As the pandemic wages on, educators wrestle with teaching burnout. Summer did not give weary instructors a much-needed rest. Mostly, faculty spent a frantic summer retooling classes for multiple delivery scenarios. Besides that, hybrid learning demands new skills from instructors, support staff, and students. College leaders do not need to standby feeling helpless. College leaders can employ 4 methods to address teaching burnout for faculty.
Empathic by Nature
By nature, teachers are empathic. Some faculty may find themselves caring too much for the trauma their students experience. Likewise, teachers are often the first contact students make when faced with a problem. Therefore, educators may find themselves, unexpectedly, handling student issues such as mental health and substance abuse addiction. Faculty may be unprepared and ill-equipped to manage these issues. At the same time, faculty may be struggling to meet the minimal demands of the job. Staff may be facing job insecurity and obstacles to tenure. Besides that, college staff may need to shut down emotionally to cope. Apathy may be the only response they can muster.
Also, leaders find a divided staff mindset. Some staff missed the human connection of the in-person classroom and department office. Others thrived in remote areas. Either way, some staff may struggle to regain work/life balance. Some faculty find work responsibilities bleeding into home life. Some staff experienced a heavy workload with no human connection, resulting in burnout.
The 4 Methods to Lessen Teaching Burnout
Create a Safe Workplace
Still, leaders create the workplace. Deans or administrators can make a safe space for staff. First, they can edit the goals for the next year. A toned-down narrative keeps the staff motivated and focused. Secondly, leaders can explain examples of what “good enough goal achievement” looks like for next year. Therefore, leaders must remember that helping staff meet the basic job demands, satisfies their purpose for teaching.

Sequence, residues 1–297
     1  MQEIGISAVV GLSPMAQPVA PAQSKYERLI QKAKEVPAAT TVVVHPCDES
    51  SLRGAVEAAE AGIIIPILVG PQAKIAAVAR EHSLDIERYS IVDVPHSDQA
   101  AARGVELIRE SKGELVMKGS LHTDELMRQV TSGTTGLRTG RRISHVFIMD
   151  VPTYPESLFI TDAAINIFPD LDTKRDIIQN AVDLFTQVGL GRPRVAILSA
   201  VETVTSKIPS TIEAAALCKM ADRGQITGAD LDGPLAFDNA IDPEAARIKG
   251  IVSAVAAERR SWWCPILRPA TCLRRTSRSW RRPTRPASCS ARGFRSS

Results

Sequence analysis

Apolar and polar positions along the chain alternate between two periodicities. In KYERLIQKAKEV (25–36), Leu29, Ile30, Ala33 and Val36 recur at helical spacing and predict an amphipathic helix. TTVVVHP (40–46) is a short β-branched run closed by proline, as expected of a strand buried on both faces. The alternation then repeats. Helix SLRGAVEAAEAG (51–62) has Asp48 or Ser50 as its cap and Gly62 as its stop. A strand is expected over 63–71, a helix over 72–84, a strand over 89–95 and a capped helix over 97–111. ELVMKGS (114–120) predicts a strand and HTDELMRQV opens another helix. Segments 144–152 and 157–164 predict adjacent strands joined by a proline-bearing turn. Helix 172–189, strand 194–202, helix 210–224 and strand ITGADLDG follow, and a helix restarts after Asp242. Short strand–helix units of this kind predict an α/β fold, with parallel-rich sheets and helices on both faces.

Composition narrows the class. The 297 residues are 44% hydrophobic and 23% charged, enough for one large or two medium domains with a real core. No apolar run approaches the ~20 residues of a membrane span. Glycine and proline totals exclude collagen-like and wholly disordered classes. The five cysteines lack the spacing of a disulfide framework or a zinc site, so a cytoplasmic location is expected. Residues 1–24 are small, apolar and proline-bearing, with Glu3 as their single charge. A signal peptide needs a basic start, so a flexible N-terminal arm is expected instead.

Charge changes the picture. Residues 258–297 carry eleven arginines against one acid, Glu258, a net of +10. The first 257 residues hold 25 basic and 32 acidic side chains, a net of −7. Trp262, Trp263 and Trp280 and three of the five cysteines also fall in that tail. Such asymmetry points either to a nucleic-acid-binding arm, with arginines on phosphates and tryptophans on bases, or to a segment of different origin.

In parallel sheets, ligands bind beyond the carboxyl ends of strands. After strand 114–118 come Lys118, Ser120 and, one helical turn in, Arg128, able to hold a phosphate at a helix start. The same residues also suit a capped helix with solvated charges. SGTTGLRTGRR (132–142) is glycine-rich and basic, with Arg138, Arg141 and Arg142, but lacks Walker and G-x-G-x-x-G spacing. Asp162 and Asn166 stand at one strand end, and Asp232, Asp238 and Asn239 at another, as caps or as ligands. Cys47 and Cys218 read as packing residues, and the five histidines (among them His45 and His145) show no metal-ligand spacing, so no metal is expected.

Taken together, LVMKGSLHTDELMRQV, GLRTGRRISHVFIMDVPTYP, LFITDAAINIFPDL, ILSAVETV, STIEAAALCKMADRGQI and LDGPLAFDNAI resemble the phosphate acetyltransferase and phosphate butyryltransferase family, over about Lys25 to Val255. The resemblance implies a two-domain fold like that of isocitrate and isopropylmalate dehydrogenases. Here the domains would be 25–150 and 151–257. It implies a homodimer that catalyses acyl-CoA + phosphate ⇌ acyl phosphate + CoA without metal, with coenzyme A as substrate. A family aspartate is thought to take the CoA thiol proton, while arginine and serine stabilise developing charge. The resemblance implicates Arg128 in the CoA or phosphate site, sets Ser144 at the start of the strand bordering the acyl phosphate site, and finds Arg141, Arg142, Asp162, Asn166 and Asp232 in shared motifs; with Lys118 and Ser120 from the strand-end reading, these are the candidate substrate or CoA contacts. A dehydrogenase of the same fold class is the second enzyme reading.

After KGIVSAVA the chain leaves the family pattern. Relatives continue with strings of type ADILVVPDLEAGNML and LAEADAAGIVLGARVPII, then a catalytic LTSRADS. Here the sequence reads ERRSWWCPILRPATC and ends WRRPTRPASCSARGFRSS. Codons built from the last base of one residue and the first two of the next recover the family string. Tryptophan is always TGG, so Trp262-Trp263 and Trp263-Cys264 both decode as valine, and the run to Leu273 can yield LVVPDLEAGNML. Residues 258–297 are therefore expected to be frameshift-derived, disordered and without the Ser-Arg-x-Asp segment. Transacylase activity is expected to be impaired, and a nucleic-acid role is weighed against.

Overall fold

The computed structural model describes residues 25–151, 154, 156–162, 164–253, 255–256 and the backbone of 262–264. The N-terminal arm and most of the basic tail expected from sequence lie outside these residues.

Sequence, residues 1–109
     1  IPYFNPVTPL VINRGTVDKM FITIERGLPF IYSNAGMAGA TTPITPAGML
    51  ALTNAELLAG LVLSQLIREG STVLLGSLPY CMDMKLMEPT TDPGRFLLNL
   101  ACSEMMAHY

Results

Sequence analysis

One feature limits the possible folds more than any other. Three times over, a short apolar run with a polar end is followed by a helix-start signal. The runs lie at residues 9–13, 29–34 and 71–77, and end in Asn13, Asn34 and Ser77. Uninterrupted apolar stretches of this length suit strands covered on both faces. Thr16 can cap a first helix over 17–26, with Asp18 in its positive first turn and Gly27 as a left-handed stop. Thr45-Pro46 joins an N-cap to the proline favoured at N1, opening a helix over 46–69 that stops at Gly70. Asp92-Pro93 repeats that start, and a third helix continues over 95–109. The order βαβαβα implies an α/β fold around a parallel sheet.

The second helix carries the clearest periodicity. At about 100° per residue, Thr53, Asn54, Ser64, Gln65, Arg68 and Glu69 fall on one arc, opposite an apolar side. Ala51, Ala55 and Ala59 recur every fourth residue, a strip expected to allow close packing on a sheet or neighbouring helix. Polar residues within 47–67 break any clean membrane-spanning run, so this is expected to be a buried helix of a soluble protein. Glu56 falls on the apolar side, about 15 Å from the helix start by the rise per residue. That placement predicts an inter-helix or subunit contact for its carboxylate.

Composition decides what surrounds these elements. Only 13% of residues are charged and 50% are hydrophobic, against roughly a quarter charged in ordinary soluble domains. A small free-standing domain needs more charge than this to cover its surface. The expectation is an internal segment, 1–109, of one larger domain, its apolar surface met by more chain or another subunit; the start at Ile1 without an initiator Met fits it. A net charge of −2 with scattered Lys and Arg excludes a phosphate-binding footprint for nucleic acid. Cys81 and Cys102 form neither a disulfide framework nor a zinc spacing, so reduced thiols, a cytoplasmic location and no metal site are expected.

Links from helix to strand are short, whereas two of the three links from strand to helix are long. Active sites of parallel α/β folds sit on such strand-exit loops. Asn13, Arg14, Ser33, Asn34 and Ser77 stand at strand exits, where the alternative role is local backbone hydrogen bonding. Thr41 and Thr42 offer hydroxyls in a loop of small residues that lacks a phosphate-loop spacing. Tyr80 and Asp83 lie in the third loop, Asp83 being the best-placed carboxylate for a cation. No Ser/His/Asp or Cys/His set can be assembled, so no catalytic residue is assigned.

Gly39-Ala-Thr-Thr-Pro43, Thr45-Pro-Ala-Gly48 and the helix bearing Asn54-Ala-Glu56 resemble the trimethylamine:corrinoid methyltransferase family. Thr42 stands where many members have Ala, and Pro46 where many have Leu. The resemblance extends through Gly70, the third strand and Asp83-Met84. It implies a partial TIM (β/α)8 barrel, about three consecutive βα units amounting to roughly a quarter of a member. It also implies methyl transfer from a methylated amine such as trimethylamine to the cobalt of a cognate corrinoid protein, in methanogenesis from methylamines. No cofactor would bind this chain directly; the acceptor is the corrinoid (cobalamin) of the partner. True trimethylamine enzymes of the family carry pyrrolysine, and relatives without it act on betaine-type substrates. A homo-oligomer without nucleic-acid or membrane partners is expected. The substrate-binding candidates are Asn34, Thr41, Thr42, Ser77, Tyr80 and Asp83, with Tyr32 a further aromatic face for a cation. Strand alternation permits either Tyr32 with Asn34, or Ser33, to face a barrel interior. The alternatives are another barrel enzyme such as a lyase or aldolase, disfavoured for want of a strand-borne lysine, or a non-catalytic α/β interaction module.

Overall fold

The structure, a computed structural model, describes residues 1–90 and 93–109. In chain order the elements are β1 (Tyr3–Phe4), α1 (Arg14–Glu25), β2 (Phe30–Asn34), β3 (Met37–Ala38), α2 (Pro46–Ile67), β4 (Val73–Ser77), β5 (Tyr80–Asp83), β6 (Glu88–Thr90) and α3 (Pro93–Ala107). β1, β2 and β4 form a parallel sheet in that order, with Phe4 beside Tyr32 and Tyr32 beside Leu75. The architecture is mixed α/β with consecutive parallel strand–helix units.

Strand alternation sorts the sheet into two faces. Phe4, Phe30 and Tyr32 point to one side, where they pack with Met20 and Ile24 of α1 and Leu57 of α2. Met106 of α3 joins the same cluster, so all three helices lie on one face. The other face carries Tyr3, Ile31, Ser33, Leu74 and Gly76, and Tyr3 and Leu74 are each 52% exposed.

Debrief Rather Than Complain to Lessen Teaching Burnout
Also, leaders model how to debrief versus complain about problems. Yes, this season presents difficulties and challenges for higher ed. Still, leaders create places where staff can vent and identify actionable solutions. One of the great frustrations of burnout is expending energy without seeing benefits. Strong leaders use this time to bring hope to their staff, hopefully preventing faculty burnout. Everyone must be mindful that perpetuating complaints rather than creating solutions contributes to a burnout culture.
Leaders Can Promote Reflection for Preventing Faculty Burnout
Most importantly, leaders reconnect staff to their purpose on why they chose this job. Savvy deans set aside time in department meetings to let staff reflect on why they teach. Also, good leaders share the struggles and doubt they have in their roles to lead their staff. Higher education faced grim prospects pre-pandemic. Low enrollment, aging facilities, and teaching burnout intensified during the pandemic.
College Leaders Utilize EQ to Manage Teaching Burnout
Thus, now is time for strong leaders to show their emotional intelligence skills. Besides that, wise leaders know that they are insulated from feedback that could be beneficial. Staff is reluctant to share negative feedback in times of instability and job loss. So, strong leaders use feedback tools to understand challenges and behavior. Most importantly, leaders will need to dive deep into EQ skills such as social awareness and social skills. These two EQ skills drive change and produce results when the university faces challenges. Therefore, these skills will motivate staff, preventing faculty burnout.
In sum, leaders face the daunting task of keeping the university fiscally stable and preventing faculty burnout. College leaders reach into their toolbox to dust off familiar tools, using them in new ways. Besides that, deans must create safe spaces for staff to debrief about the challenges they face. Also, leaders must guide their staff toward solutions more than complaints. Most importantly, leaders must reconnect staff to their passion for teaching. College leaders implement their EQ skills to manage these various challenges.